Predators Accelerate Nutrient Cycling in a Bromeliad Ecosystem

  title={Predators Accelerate Nutrient Cycling in a Bromeliad Ecosystem},
  author={Jacqueline T. Ngai and Diane S. Srivastava},
  pages={963 - 963}
Conventional ecological theory predicts that predators affect nutrient cycling by decreasing the abundance or activity of prey. By using a predator-detritivore-detritus food chain in bromeliads, we show that predators can increase nutrient cycling by a previously undescribed, but broadly applicable, mechanism: reducing nutrient export by prey emigration. Contrary to expectations, predation on detritivores increases detrital nitrogen uptake by bromeliads. Predation reduces detritivore emergence… 


  • Environmental Science
  • 2008
The top-down effects of consumers and bottom-up effects of resource availability are important in determining community structure and ecological processes. I experimentally examined the roles of

Predation Threat Alters Composition and Functioning of Bromeliad Ecosystems

Abstract Predators can have dramatic effects on food web structure and ecosystem processes. However, the total effect of predators will be a combination of prey removal due to consumption and

Predator effects on a detritus-based food web are primarily mediated by non-trophic interactions.

The findings suggest that predators have the potential to affect substantially carbon flow and nutrient cycling in detritus-based ecosystems and that this impact cannot be fully appreciated without considering non-trophic effects.

Predators override rainfall effects on tropical food webs

Predators alter ecological communities by inducing changes in prey abundance and phenotypes, including elemental and isotopic composition. Climatic factors are known to often moderate predator

Detrital nutrient content determines growth rate and elemental composition of bromeliad‐dwelling insects

This study provides some of the first direct evidence for the growth rate hypothesis in detrital systems and highlights the importance of N and P additions as well as their interaction in constraining the growth of different consumers.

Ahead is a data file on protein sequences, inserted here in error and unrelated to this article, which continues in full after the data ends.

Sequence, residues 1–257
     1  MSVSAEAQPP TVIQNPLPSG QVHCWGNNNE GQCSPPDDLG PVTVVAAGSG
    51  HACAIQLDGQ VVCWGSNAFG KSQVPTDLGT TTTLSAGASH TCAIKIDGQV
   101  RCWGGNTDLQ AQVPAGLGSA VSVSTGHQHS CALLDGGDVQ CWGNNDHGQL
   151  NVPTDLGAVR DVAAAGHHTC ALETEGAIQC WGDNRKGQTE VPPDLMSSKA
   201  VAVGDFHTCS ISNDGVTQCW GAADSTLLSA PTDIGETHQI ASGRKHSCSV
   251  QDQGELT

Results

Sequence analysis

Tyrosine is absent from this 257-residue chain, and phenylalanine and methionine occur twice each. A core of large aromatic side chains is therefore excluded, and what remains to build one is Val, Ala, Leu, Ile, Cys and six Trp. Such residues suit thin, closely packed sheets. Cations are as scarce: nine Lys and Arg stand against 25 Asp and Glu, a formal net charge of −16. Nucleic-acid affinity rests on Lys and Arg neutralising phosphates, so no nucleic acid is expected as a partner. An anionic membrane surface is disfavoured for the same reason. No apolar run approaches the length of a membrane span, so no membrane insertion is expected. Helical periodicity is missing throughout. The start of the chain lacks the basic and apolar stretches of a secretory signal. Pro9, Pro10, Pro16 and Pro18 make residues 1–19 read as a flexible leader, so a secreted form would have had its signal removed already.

Effects of predatory ants within and across ecosystems in bromeliad food webs

Ants changed the composition and reduced the overall density of aquatic and terrestrial metazoans in bromeliad ecosystems, and effects of ants on species diversity were contingent on site, which demonstrates that the same predator can simultaneously initiate cascades in multiple ecosystems.

Terrestrial vertebrate predators drive the structure and functioning of aquatic food webs.

The results highlight that the effects of terrestrial vertebrate predators can propagate across aquatic ecosystems, altering species composition, body size structure, food web organization, and ecosystem function.

Understorey environments influence functional diversity in tank‐bromeliad ecosystems

The results provide evidence that tank-bromeliads, which grow in a broad range of ecological conditions, promote aquatic food web diversity in neotropical forests and show that algal production can support a non-detrital food web in these systems.

Species-Specific Effects of Ant Inhabitants on Bromeliad Nutrition

It is shown, for the first time, that predatory ants can translocate nutrients from one habitat to another within forests, accumulating nutrients in their feeding sites that become available to bromeliads.

Dominant predators mediate the impact of habitat size on trophic structure in bromeliad invertebrate communities.

It is found that trophic structure in the communities changed dramatically with changes in habitat (bromeliad) size, and taking into account the response and multitrophic effects of dominant, mobile species may be critical when predicting changes in community structure along a habitat-size gradient.



Effects of Fish in River Food Webs

  • M. Power
  • Environmental Science
  • 1990
Experimental manipulations of fish in a Northern California river during summer base flow reveal that they have large effects on predators, herbivores, and plants in river food webs, providing evidence that the Hairston, Smith, Slobodkin–Fretwell theory of trophic control has application to river communitics.

Biodiversity loss, trophic skew and ecosystem functioning

The dominant impacts of biodiversity change on ecosystem functioning appear to be trophically mediated, with important implications for conservation.


Elevated densities of urchins enable a persistent suppression of autochthonous benthic-macrophyte production through grazing and the consumption of newly recruited competitors and predators in Caribbean seagrass communities.


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  • Environmental Science
    The Yale Journal of Biology and Medicine
  • 1964
The availability of carbon (C), nitrogen (N) and sulfur (S) for the vegetation has increased in many ecosystems on earth since beginning of the industrial revolution. The change in availability of

Top-down control in a detritus-based food web: fish, shredders, and leaf breakdown

Abstract. We tested the hypothesis that fish decrease shredder abundance in leaf packs, thereby reducing leaf breakdown rates. Our goal was to test for the occurrence of a trophic cascade in a

Predators Accelerate Nutrient Cycling in a

    Venter, and two anonymous reviewers for comments on earlier drafts. Funding was provided by the

      Ecol. Lett

      • Ecol. Lett
      • 2003

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